Thinking Out Loud

February 11, 2019

Recipe for a Joyless Christianity

Filed under: Christianity — Tags: , , , , , , , , , — paulthinkingoutloud @ 7:35 am

One of the best ways to experience a completely joyless salvation is to believe you were never ultimately lost in the first place.

One of the best ways to remain smug about your standing with God in Christ is to feel you were entitled to it all along.

One of the best ways to not be gracious is to remain firm that any grace you have received — amazing or otherwise — is something you deserved. 

One of the best ways to be unloving is to never fully consider the love that has been poured out on you.

All four gospels record the story of the woman with the alabaster jar. But Luke adds this detail:

7.41 “Two people owed money to a certain moneylender. One owed him five hundred denarii and the other fifty. 42 Neither of them had the money to pay him back, so he forgave the debts of both. Now which of them will love him more?”

43 Simon replied, “I suppose the one who had the bigger debt forgiven.”

“You have judged correctly,” Jesus said.

44 Then he turned toward the woman and said to Simon, “Do you see this woman? I came into your house. You did not give me any water for my feet, but she wet my feet with her tears and wiped them with her hair. 45 You did not give me a kiss, but this woman, from the time I entered, has not stopped kissing my feet. 46 You did not put oil on my head, but she has poured perfume on my feet. 47 Therefore, I tell you, her many sins have been forgiven—as her great love has shown. But whoever has been forgiven little loves little.”

November 3, 2016

Cubs World Series Win Satisfies our Sense of Justice

Filed under: Christianity — Tags: , , , — paulthinkingoutloud @ 9:56 am
For younger readers, we've included both the original and the movie versions

Chicago Cubs as underdogs in last night’s game: For younger readers, we’ve included both the original and the more recent movie version

“It’s not fair.”

That’s what I can hear fans of the Chicago Cubs baseball team saying year after year after year. For 108 years.

Until last night.

I’m trying to figure out why so many of us root for the team that seems to have little odds of winning. As a Christian, I keep coming back to a well-known verse in Amos (6:8) which I learned close to the NKJV which follows:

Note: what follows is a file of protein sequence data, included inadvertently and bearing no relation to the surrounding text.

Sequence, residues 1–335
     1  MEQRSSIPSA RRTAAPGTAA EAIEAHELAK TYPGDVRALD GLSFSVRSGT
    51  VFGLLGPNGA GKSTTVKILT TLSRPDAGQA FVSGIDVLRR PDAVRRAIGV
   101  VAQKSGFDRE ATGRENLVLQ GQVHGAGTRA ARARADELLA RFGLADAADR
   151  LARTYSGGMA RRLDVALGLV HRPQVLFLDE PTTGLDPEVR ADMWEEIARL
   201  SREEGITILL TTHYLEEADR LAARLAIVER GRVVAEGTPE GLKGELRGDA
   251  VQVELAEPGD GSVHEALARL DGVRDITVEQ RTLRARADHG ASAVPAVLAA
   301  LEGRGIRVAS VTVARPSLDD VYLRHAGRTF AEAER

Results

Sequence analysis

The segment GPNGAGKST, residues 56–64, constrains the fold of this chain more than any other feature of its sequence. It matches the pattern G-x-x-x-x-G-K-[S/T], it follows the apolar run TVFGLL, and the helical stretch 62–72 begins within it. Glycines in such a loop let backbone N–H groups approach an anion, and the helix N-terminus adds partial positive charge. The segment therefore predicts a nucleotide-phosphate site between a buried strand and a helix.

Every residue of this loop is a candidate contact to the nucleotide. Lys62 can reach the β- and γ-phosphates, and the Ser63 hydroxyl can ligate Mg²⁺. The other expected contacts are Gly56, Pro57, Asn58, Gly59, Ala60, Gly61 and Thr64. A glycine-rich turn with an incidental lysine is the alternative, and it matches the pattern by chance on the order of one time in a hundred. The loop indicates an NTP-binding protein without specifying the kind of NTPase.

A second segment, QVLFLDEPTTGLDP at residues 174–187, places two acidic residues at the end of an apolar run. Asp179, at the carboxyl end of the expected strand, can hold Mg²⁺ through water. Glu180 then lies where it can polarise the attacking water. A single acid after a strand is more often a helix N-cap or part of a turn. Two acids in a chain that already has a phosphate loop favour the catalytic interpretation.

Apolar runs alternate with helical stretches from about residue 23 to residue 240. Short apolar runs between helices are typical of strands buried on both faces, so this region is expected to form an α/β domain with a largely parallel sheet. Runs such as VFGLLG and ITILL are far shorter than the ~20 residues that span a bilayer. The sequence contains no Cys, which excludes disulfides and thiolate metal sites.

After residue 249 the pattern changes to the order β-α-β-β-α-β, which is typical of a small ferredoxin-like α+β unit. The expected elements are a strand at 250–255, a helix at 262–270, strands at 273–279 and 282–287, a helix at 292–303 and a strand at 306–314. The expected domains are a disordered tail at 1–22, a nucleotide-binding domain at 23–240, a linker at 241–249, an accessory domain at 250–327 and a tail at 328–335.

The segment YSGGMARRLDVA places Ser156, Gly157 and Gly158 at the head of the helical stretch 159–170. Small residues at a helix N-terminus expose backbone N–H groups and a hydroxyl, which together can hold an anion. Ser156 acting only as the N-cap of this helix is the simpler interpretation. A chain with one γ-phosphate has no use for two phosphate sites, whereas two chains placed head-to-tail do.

He has shown you, O man, what is good; And what does the Lord require of you But to do justly*, To love mercy, And to walk humbly with your God?

*often quoted by people as “to do justice” as found in NASB, NRSV, ESV and about 10 others

Perhaps last night’s win satisfies my sense of justice. They deserved this, right? But after waiting since 1908, it also meets the criteria for mercy. [add rim shot]

underdog-definition

I don’t know that it’s right to call Chicago the underdog last night, because statistically, they were long overdue for the win. They were certainly the favorite, though, especially among nominal fans and people like me who don’t follow Major League Baseball much at all. (Ask yourself, when have you ever seen a sports-themed article here?)

But then there was Cleveland, whose nearly 70 years since a World Series win isn’t as long, but is certainly significant. Writing this morning at Daily Encouragement, Stephen Weber shares:

One of the great sports scenes I’ve enjoyed since my childhood is that of a winning team gathering on the field to celebrate after winning a championship game, expressing the thrill of victory. Of course it’s all the more meaningful if it’s “my” team but I can even get into the sensation of the moment when it’s not. Watching the joyous celebration last night after the Chicago Cubs win I also experienced the thrill of victory, although due to the very late hour I didn’t watch very much of it!!!

But last night I also noted the profound disappointment and even despair of the players and fans of the Cleveland Indians expressing the agony of defeat. That’s the nature of sports, there are winners and there are losers. However having no specific loyalties last night my focus was on the thrill of victory.

We are now in the midst of a great spiritual contest and sometimes with our eyes what we see sure doesn’t look much like victory. But the Bible informs us (those who follow and obey Christ) that we are on the winning side…

…I’m sure glad to be on God’s team today. Yes, there are setbacks for every believer and even apparent losses in this great spiritual contest. But God turns our losses into gains, our failures into His victory, our conflict into His peace, and our weakness into His strength. The all-surpassing power from God is seen through the endurance of the believer in the midst of life’s ups and downs.